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Cybersecurity executive order is a game changer but not a panacea

Cybersecurity executive order is a game changer but not a panacea

It’s been three months since President BidenJoe BidenObama: Ensuring democracy 'continues to work effectively' keeps me 'up at night' New Jersey landlords prohibited from asking potential tenants about criminal records Overnight Defense: Pentagon pulling some air defense assets from Middle East | Dems introduce resolution apologizing to LGBT community for discrimination | White House denies pausing military aid package to Ukraine MORE announced he was “launching an urgent initiative to improve our capability, readiness and resilience in cyberspace.” The latest ransomware attack on the Colonial Pipeline adding to the already stark evidence of the need for America to drastically rethink and retool our outdated software procurement processes. The red light has been flashing for years that our nation’s infrastructure is vulnerable to cyber exploits. To the president’s credit, the Executive Order on Improving the Nation’s Cybersecurity is a game changer, but it’s not a panacea.  

The executive order took a necessary step toward addressing what the Cybersecurity and Infrastructure Security Agency (CISA) called “concentrated sources of cyber risk” to the nation’s critical infrastructure, namely security vulnerabilities in the software supply chain. Specifically, the lack of visibility into a list of software components — known as a Software Bill of Materials (SBOM) — makes it nearly impossible to uncover vulnerabilities that malicious actors seek to exploit.  As the executive order states, “too much of our software, including critical software, is shipped with significant vulnerabilities that our adversaries exploit.” 

Take, for example, SolarWinds. This hack was due in part to the inability of the software purchaser — government entities and businesses — to adequately assess the security of software products. This lack of information about software vulnerabilities opened a dangerous door for bad actors to exploit in the digital infrastructure of America’s federal government, technology firms, and utility companies. As Deputy National Security Advisor for Cyber and Emerging Technology Anne Neuberger noted regarding the government’s procurement of software, “we have no way to know the cybersecurity practices that were used in building … network management software or the level of risk we’re introducing to our networks by buying a particular software.”  

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Biden’s executive order provides a solution. It ensures that software companies selling to the federal government must “provide a [federal] purchaser an SBOM for each [software] product directly or by publishing it on a public website.” This SBOM requirement will be an invaluable tool for procurement officers managing cybersecurity and software supply chain risk and help developers and operators uncover vulnerabilities that hackers are targeting. Just as it is standard practice in the food, chemical and manufacturing industries to label products and provide a list of key ingredients to ensure safety and quality standards, software products will be required to do the same. This is important.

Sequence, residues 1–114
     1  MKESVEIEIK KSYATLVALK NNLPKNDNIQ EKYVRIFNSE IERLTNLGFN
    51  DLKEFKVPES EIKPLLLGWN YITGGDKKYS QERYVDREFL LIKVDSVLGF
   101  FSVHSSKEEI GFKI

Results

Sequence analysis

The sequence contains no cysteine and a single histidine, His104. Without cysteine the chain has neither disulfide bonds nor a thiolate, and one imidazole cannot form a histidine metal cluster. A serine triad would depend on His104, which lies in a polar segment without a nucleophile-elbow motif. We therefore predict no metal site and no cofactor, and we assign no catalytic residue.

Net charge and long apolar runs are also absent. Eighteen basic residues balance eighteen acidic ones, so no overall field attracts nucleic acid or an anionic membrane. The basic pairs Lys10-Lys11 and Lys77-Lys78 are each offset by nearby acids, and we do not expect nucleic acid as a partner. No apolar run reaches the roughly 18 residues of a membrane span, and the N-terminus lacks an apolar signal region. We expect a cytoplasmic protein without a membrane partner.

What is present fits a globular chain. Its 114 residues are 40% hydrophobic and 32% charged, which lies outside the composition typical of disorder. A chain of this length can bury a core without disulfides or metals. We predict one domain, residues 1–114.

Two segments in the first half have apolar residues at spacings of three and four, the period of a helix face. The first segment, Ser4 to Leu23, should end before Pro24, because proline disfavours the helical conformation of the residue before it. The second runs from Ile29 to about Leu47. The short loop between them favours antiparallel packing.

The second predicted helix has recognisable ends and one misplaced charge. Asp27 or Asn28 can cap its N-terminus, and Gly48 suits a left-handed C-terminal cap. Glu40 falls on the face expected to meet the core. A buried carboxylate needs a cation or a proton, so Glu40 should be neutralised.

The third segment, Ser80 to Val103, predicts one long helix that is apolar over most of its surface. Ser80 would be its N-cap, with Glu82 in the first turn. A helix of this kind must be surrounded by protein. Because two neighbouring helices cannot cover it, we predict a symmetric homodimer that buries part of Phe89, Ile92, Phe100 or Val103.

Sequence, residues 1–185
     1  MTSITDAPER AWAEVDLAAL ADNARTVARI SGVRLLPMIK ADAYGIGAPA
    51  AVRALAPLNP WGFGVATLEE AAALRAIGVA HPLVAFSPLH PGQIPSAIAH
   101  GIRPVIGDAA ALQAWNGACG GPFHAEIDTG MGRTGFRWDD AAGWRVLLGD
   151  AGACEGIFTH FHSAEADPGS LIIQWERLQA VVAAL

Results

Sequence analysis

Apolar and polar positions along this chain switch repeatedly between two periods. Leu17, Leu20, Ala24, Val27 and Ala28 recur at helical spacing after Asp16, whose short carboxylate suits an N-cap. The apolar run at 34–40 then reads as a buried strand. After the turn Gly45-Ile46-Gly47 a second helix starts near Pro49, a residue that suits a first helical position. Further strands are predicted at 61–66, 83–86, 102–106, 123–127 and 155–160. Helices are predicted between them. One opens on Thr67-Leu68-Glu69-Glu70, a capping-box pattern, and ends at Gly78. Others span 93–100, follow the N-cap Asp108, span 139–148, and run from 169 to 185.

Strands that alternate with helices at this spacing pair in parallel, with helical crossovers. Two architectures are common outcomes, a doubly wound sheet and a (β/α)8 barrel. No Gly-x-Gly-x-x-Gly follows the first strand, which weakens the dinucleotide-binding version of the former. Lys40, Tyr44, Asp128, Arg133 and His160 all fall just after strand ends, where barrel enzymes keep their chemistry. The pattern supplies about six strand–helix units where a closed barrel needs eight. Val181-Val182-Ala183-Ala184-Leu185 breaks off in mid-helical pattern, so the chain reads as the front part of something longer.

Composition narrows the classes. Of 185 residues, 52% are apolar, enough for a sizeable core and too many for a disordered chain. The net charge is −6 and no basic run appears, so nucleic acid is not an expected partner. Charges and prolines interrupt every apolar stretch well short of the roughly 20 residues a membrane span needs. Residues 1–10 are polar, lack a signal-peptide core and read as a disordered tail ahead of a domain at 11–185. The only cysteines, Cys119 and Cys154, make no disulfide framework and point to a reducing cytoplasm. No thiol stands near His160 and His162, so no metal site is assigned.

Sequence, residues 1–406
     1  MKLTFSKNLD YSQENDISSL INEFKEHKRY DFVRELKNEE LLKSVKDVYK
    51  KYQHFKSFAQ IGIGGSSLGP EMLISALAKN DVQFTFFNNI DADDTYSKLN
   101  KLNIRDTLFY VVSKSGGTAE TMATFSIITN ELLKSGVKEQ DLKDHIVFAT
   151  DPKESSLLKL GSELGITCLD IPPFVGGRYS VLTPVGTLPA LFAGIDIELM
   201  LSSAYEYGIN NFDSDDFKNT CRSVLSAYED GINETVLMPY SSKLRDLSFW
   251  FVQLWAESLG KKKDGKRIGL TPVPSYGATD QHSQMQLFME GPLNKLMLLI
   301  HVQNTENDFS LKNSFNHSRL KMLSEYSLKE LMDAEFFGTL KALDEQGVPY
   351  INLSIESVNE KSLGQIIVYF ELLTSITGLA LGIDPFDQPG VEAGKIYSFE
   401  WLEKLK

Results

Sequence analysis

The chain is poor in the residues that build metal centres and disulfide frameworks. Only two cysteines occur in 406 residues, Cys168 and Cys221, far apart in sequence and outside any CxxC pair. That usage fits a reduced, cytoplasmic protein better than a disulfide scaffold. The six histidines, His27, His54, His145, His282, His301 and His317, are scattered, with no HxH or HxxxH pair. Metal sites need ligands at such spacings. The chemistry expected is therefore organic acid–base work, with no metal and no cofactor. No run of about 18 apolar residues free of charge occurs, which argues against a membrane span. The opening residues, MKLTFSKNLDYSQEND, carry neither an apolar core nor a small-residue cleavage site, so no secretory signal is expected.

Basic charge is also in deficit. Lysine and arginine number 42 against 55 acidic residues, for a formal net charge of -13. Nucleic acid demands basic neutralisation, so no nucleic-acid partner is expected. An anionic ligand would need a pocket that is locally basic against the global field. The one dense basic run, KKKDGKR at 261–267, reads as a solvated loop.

As every aspect of our lives has become more dependent on software, the importance of transparency and visibility into our nation’s software supply chain has increased. One only needs to look at long lines at gas stations and rising gas prices along the East Coast since the Colonial Pipeline attack, to see the tangible impact of insecure software on our lives. From the energy sector, to financial institutions, hospitals, transportation systems and our food supply — we depend on software to be secure. Even our cars have more than a 100 million lines of software code, requiring trusted security.      

Additionally, the increasing pervasiveness of open-source software can add to the complex web of dependencies in the software supply chain. The average software application depends on more than 500 open source libraries and components. More than 90 percent of commercial software applications contain outdated or abandoned open source components. By requiring an SBOM, the executive order ensures federal agencies and critical infrastructure owners and operators can make informed procurement decisions — including replacing software with a history of security, performance, or reliability issues. And industry can quickly adapt using tools available today. 

Certainly, by including an SBOM requirement in the executive order, Biden sent a message he is raising the cybersecurity bar for our nation and the current state of the insecurity of America’s software supply chain is unacceptable. But the order in and of itself is not a panacea, even with long-overdue game changers like the SBOM requirement. Nor is any other step in and of itself, but they are vital pieces.

The true test is whether, and the speed at which, the president and Congress can put together these pieces — like the executive order and Technology Modernization Fund’s prioritization of cybersecurity projects — in a comprehensive way. This includes adopting implementation measures and increasing investment in secure digital infrastructure, commensurate with today’s daunting cyberspace challenges.  

Comprehensive action is essential to America’s safety and our way of life. It is a win that every member of Congress can take home and the president can tout: The cybersecurity of our nation’s government, businesses, and communities. Non-partisanship that protects America — now that’s a panacea.

Marjorie Dickman is chief government affairs and public policy officer at BlackBerry. She delivered remarks at this year’s B7 Digital Summit, urging the G7 nations to make cybersecurity a priority.